"It Ain't Over Till It's Over": Empirical Observations On Who The Next Occupant Of The White House May Be And WhySubmitted by Tyler Durden on 02/28/2012 22:44 -0400
It is appropriate that as a post-mortem to tonight's GOP primary, which according to initial reports has Romney as winning both Michigan and Arizona, we have ConvergEx' Nick Colas providing an extensive summary of the factors in favor and against both the presidential incumbent, and the challenger, and in doing so handicap the possibility of election victory for either Obama or the Republican candidate, whoever he may end up being. As Colas says, 'it ain't over till it's over' - "As the battle for the 2012 Presidential election begins to pick up speed, we read a flood of reports that President Obama is a lock for reelection. And just as many that he is destined to be a one-termer. Those who believe that the winner of the 2012 election will be Republican claim that the keys to Obama’s downfall will be unemployment, skyrocketing oil prices, and increased federal spending. However, according to historical data and some political science theory, it looks like Obama has a pretty good chance of staying in the White House.... The GOP isn’t out of the race yet, but it’s up against some strong historical opposition." And while we would agree that all else equal Obama likely is a shoo-in, never before will there have been a full blown debt ceiling crisis in a repeat of August 2011 in the weeks and months leading into the election - that factor alone, in our humble opinion, could end up being the swing variable that pulls the otherwise ironclad victory away from Obama's clutch, and explains why the GOP caved so quickly on the payroll tax extension which will add $100 billion in debt, and force a debt ceiling breach ahead of November, as was first predicted on Zero Hedge. That, of course, and runaway oil: should crude continue its relentless surge, which it will if QE3 occurs, or an invasion or Iran becomes reality, Obama can kiss another 4 years goodbye.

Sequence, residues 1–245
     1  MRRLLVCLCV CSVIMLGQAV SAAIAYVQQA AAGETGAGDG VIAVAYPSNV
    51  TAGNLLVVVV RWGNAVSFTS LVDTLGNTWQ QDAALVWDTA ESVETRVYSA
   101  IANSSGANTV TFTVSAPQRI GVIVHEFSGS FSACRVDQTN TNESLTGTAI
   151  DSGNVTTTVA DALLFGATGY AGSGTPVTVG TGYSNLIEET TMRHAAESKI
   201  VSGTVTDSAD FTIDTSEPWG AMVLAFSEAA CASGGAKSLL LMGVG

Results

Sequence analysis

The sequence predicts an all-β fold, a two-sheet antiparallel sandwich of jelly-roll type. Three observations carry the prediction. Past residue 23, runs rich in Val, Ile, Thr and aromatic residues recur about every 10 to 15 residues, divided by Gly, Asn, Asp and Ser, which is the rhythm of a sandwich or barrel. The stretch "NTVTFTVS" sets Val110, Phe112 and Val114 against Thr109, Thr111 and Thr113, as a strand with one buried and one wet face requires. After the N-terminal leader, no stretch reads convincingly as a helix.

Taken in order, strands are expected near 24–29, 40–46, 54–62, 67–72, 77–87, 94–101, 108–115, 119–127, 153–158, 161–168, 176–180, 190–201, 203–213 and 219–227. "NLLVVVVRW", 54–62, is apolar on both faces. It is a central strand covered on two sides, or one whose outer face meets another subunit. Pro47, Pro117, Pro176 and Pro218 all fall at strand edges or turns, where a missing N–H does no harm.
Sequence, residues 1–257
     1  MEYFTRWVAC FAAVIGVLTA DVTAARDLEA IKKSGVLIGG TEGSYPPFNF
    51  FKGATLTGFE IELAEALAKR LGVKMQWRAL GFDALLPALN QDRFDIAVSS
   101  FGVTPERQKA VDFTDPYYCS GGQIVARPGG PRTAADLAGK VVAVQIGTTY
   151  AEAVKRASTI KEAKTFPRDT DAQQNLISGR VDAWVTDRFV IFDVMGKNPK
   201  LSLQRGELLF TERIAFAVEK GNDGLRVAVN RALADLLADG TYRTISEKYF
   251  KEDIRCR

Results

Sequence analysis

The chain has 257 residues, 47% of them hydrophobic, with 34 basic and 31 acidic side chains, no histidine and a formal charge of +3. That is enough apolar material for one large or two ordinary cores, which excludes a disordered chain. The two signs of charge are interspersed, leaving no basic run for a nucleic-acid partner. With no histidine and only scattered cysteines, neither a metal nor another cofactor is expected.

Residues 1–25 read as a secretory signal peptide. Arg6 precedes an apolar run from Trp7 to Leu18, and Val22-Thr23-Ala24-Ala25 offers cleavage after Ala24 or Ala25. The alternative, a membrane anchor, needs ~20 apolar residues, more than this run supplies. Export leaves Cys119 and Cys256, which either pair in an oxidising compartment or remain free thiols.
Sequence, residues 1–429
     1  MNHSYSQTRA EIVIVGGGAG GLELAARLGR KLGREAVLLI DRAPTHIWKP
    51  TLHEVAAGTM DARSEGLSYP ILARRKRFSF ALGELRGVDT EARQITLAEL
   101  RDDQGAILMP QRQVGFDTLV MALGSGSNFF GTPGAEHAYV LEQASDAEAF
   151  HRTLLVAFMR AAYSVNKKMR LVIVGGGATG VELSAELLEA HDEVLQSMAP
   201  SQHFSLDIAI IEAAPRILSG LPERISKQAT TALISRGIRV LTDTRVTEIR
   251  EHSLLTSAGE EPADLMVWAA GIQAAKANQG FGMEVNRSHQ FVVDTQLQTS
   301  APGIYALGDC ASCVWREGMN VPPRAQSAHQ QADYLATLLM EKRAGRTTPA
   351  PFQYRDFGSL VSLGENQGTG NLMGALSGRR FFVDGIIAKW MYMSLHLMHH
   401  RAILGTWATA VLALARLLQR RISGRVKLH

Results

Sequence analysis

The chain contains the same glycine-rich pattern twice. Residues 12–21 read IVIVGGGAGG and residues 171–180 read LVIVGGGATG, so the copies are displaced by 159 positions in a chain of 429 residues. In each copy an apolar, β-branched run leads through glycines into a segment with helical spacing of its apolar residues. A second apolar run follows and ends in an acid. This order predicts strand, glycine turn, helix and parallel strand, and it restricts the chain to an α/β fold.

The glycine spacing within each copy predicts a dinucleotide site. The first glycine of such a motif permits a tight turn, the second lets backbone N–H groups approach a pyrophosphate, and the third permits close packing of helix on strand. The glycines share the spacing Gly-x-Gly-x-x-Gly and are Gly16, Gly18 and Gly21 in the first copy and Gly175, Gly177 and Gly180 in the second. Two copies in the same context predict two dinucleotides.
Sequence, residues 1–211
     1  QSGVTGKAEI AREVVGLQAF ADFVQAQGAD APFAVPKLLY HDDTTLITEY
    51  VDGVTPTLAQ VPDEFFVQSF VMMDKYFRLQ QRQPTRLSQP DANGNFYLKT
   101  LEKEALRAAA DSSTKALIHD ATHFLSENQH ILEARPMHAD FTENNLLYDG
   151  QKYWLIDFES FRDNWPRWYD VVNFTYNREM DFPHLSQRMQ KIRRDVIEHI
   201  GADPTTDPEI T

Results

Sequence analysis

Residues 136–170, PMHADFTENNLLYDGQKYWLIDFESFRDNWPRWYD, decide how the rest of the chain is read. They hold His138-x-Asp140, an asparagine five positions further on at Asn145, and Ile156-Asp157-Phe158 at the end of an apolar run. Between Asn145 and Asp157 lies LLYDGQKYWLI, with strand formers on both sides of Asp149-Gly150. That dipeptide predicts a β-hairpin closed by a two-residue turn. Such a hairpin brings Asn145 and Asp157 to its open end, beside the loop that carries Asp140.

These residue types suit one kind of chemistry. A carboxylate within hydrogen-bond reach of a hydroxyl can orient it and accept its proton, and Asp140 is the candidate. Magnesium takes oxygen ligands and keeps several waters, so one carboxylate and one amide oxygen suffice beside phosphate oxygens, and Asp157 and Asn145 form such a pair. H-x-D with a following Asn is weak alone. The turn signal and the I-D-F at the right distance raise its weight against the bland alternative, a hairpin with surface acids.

Americans participating in a recent Gallup poll showed the highest level of confidence in an economic recovery in a year. Sounds great, but you can’t ignore the nearly 13 million unemployed, the 46 million people on food stamps and the roughly 29% of the country’s homeowners whose mortgages are under water. They would find it hard to subscribe to the poll’s sunny conclusion. On the other hand, there’s no getting away from a bevy of seemingly increasingly favorable economic data, which, more recently, includes falling weekly jobless claims, four consecutive monthly gains in the leading economic indicators, somewhat perkier retail sales and a pickup in housing starts and business permits. Pounding home this cheerful view is the media’s growing drumbeat of increased economic vigor....Confused? How can you not be?
The BLS better have some tricks up its statistical sleeve.
Are we really in an economic recovery or is it a figment of the Fed's quantitative easing? This will be the biggest factor in the 2012 elections.
Even Greek politicians scored higher.